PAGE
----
UN Urges Faster Progress in MDGs

United Nations (UN) secretary-general, Ban Ki-moon, has warned that failure to meet global poverty-reduction goals by a 2015 deadline will spawn increased instability, violence, epidemic diseases and overpopulation.

In an address to the UN General Assembly, Ban urged adoption of a global action plan for faster progress toward achieving the so-called Millennium Development Goals (MDGs) at a UN world summit on the issue, scheduled for 20-22 September 2010.

Africa Not Progressing on MDGs - UN

The United Nations (UN) and its agencies will use the 2010 World Cup to highlight Africa's slow progress towards achieving the Millennium Development Goals (MDGs) of halving poverty by 2015.

UN under-secretary-general for communications and public information, Kiyo Akasaka, says that the UN is concerned that sub-Saharan countries are significantly behind schedule in realising some of the key development goals agreed to by more than 189 countries in Johannesburg in 2000.

Africa to Miss MDGs Deadline

United Nations (UN) Secretary-General Ban Ki-Moon will be convening a special summit later this year to discuss Africa's Millennium Development Goals (MDGs). The continent is set to miss the 2015 deadline of halving poverty.

As for the Southern African Development Community, the 2010 FIFA World Cup is expected to emulate this year’s African Cup of Nations as a success and also unite people.

Climatic Change: Torrid Times Ahead for Less Developed Countries

Over the past few months, and in fact since the beginning of the year 2009, there has been a flurry of activities, workshops and international conference halls filled with bewildered delegates trying to craft solutions on perhaps one of the greatest challenges of our times: climatic change, and what it portends for livelihoods across the globe.

South Africans Stand Up to End Poverty

From 16-18 October, South Africans will join millions of people across the globe in the “Stand Up, Take Action, End Poverty Now!” Campaign as they call on world leaders to eradicate extreme poverty and achieve the Millennium Development Goals (MDGs).

Last year almost 117 million people participated in this annual campaign, the majority from poor countries, breaking the Guinness World Record for the largest mobilisation of human beings in recorded history.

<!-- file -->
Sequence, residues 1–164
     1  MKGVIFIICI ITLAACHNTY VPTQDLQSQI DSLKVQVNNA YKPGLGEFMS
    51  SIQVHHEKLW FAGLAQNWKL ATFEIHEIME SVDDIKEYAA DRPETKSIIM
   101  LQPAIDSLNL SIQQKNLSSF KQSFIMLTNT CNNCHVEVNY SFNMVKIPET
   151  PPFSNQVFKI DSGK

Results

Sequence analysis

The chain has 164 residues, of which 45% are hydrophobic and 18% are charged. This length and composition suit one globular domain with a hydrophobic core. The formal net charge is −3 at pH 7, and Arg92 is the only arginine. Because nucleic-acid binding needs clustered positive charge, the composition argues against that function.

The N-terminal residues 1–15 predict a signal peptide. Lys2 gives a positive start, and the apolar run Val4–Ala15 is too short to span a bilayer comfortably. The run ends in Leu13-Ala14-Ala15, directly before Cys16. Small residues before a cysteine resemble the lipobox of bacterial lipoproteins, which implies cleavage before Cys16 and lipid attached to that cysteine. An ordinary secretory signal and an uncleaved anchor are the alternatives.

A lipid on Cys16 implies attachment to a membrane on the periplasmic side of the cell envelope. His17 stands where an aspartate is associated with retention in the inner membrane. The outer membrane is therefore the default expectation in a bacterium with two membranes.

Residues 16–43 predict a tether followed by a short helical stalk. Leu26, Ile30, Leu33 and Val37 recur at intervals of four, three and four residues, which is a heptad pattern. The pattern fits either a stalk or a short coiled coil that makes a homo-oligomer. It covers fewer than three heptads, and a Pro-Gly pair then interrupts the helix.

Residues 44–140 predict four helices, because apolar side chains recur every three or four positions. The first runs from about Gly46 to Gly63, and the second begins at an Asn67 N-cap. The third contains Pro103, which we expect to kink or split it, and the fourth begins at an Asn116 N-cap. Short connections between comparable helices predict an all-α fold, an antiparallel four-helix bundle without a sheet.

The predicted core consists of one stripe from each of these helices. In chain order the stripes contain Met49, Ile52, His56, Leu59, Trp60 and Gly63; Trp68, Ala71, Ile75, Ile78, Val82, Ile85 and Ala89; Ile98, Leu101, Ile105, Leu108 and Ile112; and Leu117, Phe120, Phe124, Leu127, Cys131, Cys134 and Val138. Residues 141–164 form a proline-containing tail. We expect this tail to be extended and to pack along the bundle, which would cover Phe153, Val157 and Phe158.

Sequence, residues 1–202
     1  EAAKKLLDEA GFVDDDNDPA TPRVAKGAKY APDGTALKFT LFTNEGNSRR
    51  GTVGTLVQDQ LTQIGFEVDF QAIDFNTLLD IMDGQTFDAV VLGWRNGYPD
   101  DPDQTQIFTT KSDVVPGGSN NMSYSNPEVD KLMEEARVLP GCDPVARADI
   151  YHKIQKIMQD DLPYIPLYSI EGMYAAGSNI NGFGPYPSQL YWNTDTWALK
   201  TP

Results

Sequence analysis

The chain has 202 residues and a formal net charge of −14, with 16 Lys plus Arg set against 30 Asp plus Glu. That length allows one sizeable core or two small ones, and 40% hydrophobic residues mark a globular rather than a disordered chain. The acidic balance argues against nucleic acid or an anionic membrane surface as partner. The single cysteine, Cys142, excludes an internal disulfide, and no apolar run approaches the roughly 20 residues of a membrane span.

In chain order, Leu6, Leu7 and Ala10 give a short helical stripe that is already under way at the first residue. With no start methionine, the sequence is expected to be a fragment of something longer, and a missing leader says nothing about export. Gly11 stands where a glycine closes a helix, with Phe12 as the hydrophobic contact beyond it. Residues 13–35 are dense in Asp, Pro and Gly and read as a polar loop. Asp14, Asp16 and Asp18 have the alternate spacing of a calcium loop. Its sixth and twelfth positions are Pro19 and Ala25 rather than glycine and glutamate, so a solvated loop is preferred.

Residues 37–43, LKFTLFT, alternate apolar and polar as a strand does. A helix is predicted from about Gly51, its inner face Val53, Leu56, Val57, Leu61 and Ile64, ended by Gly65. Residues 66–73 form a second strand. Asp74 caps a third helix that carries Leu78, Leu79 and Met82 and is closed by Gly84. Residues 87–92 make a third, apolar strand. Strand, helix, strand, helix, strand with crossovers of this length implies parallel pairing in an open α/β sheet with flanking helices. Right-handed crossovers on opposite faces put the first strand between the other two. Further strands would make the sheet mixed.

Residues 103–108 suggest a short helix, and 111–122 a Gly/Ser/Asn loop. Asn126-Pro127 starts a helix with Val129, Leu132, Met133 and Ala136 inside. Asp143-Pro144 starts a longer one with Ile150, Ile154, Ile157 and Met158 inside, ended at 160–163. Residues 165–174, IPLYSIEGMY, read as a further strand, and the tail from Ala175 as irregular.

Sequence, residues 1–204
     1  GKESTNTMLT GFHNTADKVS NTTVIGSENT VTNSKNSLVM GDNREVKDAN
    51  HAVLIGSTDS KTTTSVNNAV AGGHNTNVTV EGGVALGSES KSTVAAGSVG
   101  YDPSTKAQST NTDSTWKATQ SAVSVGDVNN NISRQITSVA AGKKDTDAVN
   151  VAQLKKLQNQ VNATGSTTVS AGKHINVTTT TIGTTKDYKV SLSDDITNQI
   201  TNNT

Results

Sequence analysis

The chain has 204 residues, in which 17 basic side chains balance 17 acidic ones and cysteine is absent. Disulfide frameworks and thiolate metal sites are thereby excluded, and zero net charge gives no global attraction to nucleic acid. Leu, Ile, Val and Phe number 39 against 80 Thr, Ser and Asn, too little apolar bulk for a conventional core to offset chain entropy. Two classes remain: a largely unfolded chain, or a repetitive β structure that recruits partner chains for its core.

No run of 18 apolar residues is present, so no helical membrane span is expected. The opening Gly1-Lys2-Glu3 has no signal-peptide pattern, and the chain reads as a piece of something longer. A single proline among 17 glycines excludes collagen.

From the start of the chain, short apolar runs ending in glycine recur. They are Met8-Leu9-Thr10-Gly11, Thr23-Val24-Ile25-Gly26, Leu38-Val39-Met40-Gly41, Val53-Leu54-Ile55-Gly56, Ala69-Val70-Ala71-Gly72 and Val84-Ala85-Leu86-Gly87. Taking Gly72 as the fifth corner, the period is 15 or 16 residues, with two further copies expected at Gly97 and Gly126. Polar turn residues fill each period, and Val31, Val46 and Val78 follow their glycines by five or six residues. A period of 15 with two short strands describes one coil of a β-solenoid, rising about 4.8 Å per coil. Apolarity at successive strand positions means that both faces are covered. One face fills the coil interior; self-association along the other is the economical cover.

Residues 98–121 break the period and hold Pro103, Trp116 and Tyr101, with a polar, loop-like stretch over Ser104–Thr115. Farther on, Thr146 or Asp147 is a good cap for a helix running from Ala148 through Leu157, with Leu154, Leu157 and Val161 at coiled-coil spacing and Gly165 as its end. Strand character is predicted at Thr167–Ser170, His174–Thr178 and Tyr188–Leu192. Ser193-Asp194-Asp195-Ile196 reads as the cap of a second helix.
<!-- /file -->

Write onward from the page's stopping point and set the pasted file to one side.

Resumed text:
On Being Poor and the MDGs

The severity of poverty worldwide prompted 189 world leaders in 2000 at the United Nations Millennium Summit to make a promise about the eradication of poverty by the year 2015. These commitments became to be known as the Millennium Development Goals (MDGs). Now with six years to go until the MDGs deadline of 2015 and for South Africa five years (as we have identified 2014 – 20 years into our democracy – as our target), we need to assess whether sufficient progress has been made in reaching the goals. This narrative paints a bleak picture.

Are the MDGs relevant to South Africa?

For a long time, the Millennium Development Goals (MDGs) did not mean much to me. In my mind, they seemed like quasi-development goals that were a compromise after years of fighting for a development agenda at a global level. The MDGs did not go far enough in terms of making substantive inroads on poverty and inequality, and the South African context seemed to make them irrelevant. After all, we had our Constitution which committed our citizens and leaders to a far better standard of life than the MDGs could offer.

Working Towards an Improved African Health System

African health workers continue to be overworked, underpaid and often unappreciated, despite the fact that they form the foundation of the continent’s fight against HIV/AIDS. Without these health workers, Africa’s efforts to stem the tide of the epidemic would be futile. All plans developed to address the issue of HIV/AIDS in Africa are very much reliant on a well-oiled (or even partially oiled) health system, and the functioning of this system largely depends on the people who are working on the ground, on the front-lines, in the communities and with the people affected by the epidemic.

Africa Owed R188bn in Aid

Representatives of leading aid organisations have demanded that G8 countries, and in particular G8 summit host Italy, take urgent action to make up a R188 billion shortfall in aid promised to Africa.

Head of the international aid agency Oxfam's Italian office, Farida Bena has called on G8 leaders to come up with what she calls “an emergency programme”. Bena says that US$23 billion is not a lot of money compared to what has been spent bailing out the banks.


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